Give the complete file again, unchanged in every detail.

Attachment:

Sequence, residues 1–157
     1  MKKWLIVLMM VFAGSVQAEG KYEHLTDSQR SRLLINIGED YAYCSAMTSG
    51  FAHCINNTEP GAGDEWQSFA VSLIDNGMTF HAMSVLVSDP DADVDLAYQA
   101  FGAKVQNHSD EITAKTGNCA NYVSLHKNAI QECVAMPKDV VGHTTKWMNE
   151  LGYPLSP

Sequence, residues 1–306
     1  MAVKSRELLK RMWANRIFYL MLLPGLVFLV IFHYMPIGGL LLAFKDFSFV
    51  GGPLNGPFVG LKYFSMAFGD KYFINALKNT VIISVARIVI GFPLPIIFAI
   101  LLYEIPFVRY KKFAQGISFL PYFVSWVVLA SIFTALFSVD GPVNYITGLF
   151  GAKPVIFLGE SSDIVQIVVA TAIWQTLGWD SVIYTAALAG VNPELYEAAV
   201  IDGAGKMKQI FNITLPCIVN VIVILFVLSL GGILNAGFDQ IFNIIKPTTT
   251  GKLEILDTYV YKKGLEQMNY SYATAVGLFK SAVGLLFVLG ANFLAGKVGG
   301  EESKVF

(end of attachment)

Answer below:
Sequence, residues 1–157
     1  MKKWLIVLMM VFAGSVQAEG KYEHLTDSQR SRLLINIGED YAYCSAMTSG
    51  FAHCINNTEP GAGDEWQSFA VSLIDNGMTF HAMSVLVSDP DADVDLAYQA
   101  FGAKVQNHSD EITAKTGNCA NYVSLHKNAI QECVAMPKDV VGHTTKWMNE
   151  LGYPLSP

Sequence, residues 1–306
     1  MAVKSRELLK RMWANRIFYL MLLPGLVFLV IFHYMPIGGL LLAFKDFSFV
    51  GGPLNGPFVG LKYFSMAFGD KYFINALKNT VIISVARIVI GFPLPIIFAI
   101  LLYEIPFVRY KKFAQGISFL PYFVSWVVLA SIFTALFSVD GPVNYITGLF
   151  GAKPVIFLGE SSDIVQIVVA TAIWQTLGWD SVIYTAALAG VNPELYEAAV
   201  IDGAGKMKQI FNITLPCIVN VIVILFVLSL GGILNAGFDQ IFNIIKPTTT
   251  GKLEILDTYV YKKGLEQMNY SYATAVGLFK SAVGLLFVLG ANFLAGKVGG
   301  EESKVF